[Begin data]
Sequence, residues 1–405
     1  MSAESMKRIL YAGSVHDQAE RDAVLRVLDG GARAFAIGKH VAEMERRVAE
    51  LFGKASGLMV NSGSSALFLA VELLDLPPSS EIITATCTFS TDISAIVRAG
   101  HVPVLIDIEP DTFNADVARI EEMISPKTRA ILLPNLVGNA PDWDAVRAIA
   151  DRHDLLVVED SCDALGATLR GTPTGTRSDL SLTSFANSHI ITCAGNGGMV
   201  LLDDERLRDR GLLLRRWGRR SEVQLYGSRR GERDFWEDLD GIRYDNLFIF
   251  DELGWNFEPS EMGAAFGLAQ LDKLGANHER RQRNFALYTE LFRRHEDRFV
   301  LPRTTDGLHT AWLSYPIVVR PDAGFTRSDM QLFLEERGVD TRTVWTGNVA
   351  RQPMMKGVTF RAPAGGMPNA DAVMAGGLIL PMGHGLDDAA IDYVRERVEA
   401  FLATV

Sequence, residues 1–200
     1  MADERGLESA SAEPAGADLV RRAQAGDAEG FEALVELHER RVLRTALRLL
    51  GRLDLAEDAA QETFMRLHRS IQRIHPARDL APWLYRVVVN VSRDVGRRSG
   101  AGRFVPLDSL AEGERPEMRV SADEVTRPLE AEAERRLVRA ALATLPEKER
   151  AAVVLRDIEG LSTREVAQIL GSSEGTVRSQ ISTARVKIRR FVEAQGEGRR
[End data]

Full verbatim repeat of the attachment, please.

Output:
Sequence, residues 1–405
     1  MSAESMKRIL YAGSVHDQAE RDAVLRVLDG GARAFAIGKH VAEMERRVAE
    51  LFGKASGLMV NSGSSALFLA VELLDLPPSS EIITATCTFS TDISAIVRAG
   101  HVPVLIDIEP DTFNADVARI EEMISPKTRA ILLPNLVGNA PDWDAVRAIA
   151  DRHDLLVVED SCDALGATLR GTPTGTRSDL SLTSFANSHI ITCAGNGGMV
   201  LLDDERLRDR GLLLRRWGRR SEVQLYGSRR GERDFWEDLD GIRYDNLFIF
   251  DELGWNFEPS EMGAAFGLAQ LDKLGANHER RQRNFALYTE LFRRHEDRFV
   301  LPRTTDGLHT AWLSYPIVVR PDAGFTRSDM QLFLEERGVD TRTVWTGNVA
   351  RQPMMKGVTF RAPAGGMPNA DAVMAGGLIL PMGHGLDDAA IDYVRERVEA
   401  FLATV

Sequence, residues 1–200
     1  MADERGLESA SAEPAGADLV RRAQAGDAEG FEALVELHER RVLRTALRLL
    51  GRLDLAEDAA QETFMRLHRS IQRIHPARDL APWLYRVVVN VSRDVGRRSG
   101  AGRFVPLDSL AEGERPEMRV SADEVTRPLE AEAERRLVRA ALATLPEKER
   151  AAVVLRDIEG LSTREVAQIL GSSEGTVRSQ ISTARVKIRR FVEAQGEGRR